The debate about Covid-19 has a multitude of facets: one of the most important (nevertheless a quite neglected aspect), is the “post Covid-19” one. While the broad public is hoping that after the end of the restrictions ”life will go back to normal”, others are convinced that the world after Covid-19 will be different. Pessimistic thinkers assume that societies, which have endured those restrictions, will become submissive. Optimistic thinkers predict that a new spirit will arise: more solidarity and less anthropocentric attitudes, more sustainability and multilateralism, less short-term politics.
On the 8th April, something happened in Germany, which supports the second path: the most exclusive German bi-annual award for centre-right economists and politicians was handed over to Jeffrey Sachs. Not only has, for the first time in 60 years, a non-German been awarded – but he is one of the most radical critics of nowadays capitalism, identifying financial oligarchy as responsible for racism and global poverty, praising during the years of Trump a strong cooperation between the EU and China.
How is it possible that a generally conservative structure takes a decision so much out of the box? What other reason might exist for such an unusual behaviour than a profound disorientation provoked by Covid-19, which has reached all sectors and minds – and all hierarchies – of society?
The German economist and sociologist Alexander Rüstow (1885-1963) created in 1938 the term “neoliberalism” and became after WW2 one of the founding fathers of the German model of “social market economy”. To honour his heritage, an “Alliance for the Social Market Economy” awardings the bi-annual Alexander Rüstow Award. The up to now 35 German recipients include a President, federal Finance and Economy Ministers, Presidents of the Bundesbank, business leaders, and Angela Merkel. None of them had the reputation of being an intellectual rebel, who created a Zero-Carbon Action Plan that charts a technological, financial, and employment pathway for decarbonizing the US, who speaks of “America’s unholy crusade against China”, who are denouncing the US involvement in Venezuela, who praised Bernie Sanders: “he alone has honestly focused on the deep economic changes we need in this country” and compared him to Joe Biden as “the braver and I believe more accurate candidate of the deep policy changes that we require”.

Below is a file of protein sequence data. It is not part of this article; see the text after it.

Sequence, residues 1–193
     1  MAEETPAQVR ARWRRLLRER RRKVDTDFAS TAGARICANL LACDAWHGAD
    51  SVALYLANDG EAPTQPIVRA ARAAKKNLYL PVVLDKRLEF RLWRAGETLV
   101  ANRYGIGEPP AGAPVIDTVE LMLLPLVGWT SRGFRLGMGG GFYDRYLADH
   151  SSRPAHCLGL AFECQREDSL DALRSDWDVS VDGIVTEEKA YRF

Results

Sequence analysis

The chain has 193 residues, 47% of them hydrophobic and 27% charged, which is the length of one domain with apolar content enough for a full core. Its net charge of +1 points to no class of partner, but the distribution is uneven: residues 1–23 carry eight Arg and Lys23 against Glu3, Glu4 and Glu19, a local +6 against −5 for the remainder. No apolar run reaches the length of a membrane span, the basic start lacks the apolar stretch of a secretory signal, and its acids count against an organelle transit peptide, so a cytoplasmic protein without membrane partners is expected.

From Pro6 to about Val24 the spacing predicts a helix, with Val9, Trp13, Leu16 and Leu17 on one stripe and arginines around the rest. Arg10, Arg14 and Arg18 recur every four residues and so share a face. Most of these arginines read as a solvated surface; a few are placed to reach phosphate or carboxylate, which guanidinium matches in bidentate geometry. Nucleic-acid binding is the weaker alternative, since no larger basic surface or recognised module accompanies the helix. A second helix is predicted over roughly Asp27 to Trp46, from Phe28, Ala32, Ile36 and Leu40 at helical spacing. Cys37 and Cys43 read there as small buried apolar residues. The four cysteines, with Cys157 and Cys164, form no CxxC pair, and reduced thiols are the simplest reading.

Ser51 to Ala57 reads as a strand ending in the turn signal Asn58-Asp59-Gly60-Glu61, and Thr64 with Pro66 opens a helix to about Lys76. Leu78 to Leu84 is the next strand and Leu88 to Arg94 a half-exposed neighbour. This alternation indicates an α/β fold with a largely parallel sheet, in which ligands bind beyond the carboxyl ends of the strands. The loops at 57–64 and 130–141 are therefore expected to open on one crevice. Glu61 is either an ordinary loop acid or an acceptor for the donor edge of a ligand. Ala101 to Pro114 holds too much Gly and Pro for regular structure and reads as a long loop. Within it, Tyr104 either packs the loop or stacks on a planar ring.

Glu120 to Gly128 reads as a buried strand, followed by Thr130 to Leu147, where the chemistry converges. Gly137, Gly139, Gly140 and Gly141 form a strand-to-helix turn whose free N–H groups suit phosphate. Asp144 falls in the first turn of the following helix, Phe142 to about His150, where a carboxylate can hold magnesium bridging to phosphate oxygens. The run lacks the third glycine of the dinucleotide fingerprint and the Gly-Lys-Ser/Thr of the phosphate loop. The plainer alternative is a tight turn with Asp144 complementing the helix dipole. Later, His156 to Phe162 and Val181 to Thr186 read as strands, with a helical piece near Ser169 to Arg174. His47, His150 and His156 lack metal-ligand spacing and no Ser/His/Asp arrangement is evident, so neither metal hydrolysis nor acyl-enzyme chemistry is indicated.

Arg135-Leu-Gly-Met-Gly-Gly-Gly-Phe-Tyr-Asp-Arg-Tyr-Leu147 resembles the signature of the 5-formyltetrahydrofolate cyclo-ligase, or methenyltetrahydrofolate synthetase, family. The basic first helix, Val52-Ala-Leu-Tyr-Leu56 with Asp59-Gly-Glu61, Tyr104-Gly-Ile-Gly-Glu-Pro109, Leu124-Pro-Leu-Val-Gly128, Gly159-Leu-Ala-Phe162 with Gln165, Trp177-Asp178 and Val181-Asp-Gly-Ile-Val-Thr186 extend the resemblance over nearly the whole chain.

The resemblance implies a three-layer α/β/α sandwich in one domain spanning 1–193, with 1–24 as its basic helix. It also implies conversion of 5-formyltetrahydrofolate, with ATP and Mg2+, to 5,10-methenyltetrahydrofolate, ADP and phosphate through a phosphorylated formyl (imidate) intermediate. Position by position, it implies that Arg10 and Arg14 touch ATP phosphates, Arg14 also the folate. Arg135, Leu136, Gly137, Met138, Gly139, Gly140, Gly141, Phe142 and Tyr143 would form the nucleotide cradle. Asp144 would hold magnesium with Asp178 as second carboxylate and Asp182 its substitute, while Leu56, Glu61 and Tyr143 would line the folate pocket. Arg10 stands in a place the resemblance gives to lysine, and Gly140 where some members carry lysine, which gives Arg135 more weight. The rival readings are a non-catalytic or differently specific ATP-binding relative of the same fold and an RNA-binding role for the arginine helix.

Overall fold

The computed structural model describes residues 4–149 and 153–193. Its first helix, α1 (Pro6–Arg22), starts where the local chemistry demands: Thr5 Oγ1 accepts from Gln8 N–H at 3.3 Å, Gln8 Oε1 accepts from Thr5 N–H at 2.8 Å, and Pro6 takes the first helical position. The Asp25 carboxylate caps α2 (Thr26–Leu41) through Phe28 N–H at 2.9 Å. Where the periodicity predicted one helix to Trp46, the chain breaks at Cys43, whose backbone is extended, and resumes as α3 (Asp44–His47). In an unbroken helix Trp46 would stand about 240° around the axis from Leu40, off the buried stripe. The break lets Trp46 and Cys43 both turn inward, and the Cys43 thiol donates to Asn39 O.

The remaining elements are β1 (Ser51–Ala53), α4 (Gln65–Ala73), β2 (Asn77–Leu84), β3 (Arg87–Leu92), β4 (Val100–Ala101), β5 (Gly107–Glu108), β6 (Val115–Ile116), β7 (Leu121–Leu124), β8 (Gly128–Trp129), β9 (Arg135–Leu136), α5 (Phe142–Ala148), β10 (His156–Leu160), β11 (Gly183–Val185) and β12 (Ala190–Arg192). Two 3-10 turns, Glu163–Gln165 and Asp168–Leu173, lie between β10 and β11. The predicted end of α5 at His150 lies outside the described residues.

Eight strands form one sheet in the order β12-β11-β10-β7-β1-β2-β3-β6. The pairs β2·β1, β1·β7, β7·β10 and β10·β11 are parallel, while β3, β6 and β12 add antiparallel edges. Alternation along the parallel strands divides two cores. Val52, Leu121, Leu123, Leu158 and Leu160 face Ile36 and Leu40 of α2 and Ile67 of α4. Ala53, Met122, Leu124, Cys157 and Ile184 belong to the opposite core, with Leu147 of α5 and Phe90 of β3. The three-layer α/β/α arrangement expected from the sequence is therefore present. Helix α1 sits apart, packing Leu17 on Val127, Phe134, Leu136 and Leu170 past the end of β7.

Jeffrey Sachs, being honoured “for his advancement of a Humane Economy” despite – or more correctly: because of – his radical views and proposals, is an indication that the tsunami of COVID-19 challenges has now also reached traditional conservative minds and convinced them that a “business as usual” after the end of the pandemic is no longer the right way to act…
PS: The next logical candidate for that award is certainly Ursula von der Leyen with her Green Deal, orienting all policies towards sustainability and making Europe climate neutral in 2050.